Spring phenology at different altitudes is becoming more
uniform under global warming in Europe.
Lei Chen, Jianguo Huang, Qianqian Ma, Heikki Hänninen, Sergio Rossi, Shilong Piao, Yves Bergeron.
Under current global warming, high-elevation regions are expected to experience
faster warming than low-elevation regions. However, due to the lack of studies
based on long-term large-scale data, the relationship between tree spring phenology
and the elevation-dependent warming is unclear. Using 652k records of leaf unfolding
of five temperate tree species monitored during 1951–2013 in situ in Europe,
we discovered a nonlinear trend in the altitudinal sensitivity (SA, shifted days per
100 m in altitude) in spring phenology. A delayed leaf unfolding (2.7 0.6 days per
decade) was observed at high elevations possibly due to decreased spring forcing
between 1951 and 1980. The delayed leaf unfolding at high-elevation regions was
companied by a simultaneous advancing of leaf unfolding at low elevations. These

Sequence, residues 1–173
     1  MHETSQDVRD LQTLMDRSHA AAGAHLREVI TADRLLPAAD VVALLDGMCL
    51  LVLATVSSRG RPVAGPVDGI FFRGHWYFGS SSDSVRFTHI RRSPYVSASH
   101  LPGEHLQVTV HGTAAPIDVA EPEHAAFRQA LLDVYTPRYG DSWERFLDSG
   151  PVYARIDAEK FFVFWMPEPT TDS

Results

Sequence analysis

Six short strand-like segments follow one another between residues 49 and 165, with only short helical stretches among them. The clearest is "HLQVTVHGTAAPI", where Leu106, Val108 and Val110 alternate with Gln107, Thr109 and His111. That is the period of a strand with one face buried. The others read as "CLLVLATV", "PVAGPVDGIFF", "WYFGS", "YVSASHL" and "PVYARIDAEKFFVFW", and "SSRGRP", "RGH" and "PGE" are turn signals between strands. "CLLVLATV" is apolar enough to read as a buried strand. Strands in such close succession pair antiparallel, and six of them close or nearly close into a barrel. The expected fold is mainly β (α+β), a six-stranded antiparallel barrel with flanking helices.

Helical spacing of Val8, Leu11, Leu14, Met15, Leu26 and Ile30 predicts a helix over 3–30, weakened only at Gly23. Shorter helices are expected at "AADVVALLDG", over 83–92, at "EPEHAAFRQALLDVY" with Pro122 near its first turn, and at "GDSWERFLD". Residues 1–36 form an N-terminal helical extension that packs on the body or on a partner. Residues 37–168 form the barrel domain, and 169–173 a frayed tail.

divergent trends contributed to a significant increase in the SA (0.36 0.07 days
100/m per decade) during 1951–1980. Since 1980, the SA started to decline with a
rate of 0.32 0.07 days 100/m per decade, possibly due to reduced chilling at
low elevations and improved efficiency of spring forcing in advancing the leaf
unfolding at high elevations, the latter being caused by increased chilling. Our
results suggest that due to both different temperature changes at the different altitudes,
and the different tree responses to these changes, the tree phenology has
shifted at different rates leading to a more uniform phenology at different altitudes
during recent decades.